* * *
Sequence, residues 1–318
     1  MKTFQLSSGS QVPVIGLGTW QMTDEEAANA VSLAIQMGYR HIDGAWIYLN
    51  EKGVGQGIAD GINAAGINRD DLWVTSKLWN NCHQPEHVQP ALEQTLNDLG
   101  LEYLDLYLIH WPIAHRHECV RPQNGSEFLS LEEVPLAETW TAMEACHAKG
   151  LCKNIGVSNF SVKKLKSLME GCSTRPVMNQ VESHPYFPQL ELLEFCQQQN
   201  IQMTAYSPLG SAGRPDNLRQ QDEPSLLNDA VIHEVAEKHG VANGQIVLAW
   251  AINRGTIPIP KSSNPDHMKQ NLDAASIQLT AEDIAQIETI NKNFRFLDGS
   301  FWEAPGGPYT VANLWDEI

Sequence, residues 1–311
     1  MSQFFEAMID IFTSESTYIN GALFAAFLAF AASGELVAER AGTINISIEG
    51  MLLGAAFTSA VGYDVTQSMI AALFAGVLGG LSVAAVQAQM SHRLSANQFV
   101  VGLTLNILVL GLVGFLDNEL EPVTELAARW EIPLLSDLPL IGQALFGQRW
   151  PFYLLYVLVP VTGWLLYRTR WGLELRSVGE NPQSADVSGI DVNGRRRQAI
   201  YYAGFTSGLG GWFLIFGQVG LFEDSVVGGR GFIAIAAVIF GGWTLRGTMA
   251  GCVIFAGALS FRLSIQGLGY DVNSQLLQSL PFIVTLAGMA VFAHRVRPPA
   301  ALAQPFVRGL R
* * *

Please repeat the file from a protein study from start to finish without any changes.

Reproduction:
Sequence, residues 1–318
     1  MKTFQLSSGS QVPVIGLGTW QMTDEEAANA VSLAIQMGYR HIDGAWIYLN
    51  EKGVGQGIAD GINAAGINRD DLWVTSKLWN NCHQPEHVQP ALEQTLNDLG
   101  LEYLDLYLIH WPIAHRHECV RPQNGSEFLS LEEVPLAETW TAMEACHAKG
   151  LCKNIGVSNF SVKKLKSLME GCSTRPVMNQ VESHPYFPQL ELLEFCQQQN
   201  IQMTAYSPLG SAGRPDNLRQ QDEPSLLNDA VIHEVAEKHG VANGQIVLAW
   251  AINRGTIPIP KSSNPDHMKQ NLDAASIQLT AEDIAQIETI NKNFRFLDGS
   301  FWEAPGGPYT VANLWDEI

Sequence, residues 1–311
     1  MSQFFEAMID IFTSESTYIN GALFAAFLAF AASGELVAER AGTINISIEG
    51  MLLGAAFTSA VGYDVTQSMI AALFAGVLGG LSVAAVQAQM SHRLSANQFV
   101  VGLTLNILVL GLVGFLDNEL EPVTELAARW EIPLLSDLPL IGQALFGQRW
   151  PFYLLYVLVP VTGWLLYRTR WGLELRSVGE NPQSADVSGI DVNGRRRQAI
   201  YYAGFTSGLG GWFLIFGQVG LFEDSVVGGR GFIAIAAVIF GGWTLRGTMA
   251  GCVIFAGALS FRLSIQGLGY DVNSQLLQSL PFIVTLAGMA VFAHRVRPPA
   301  ALAQPFVRGL R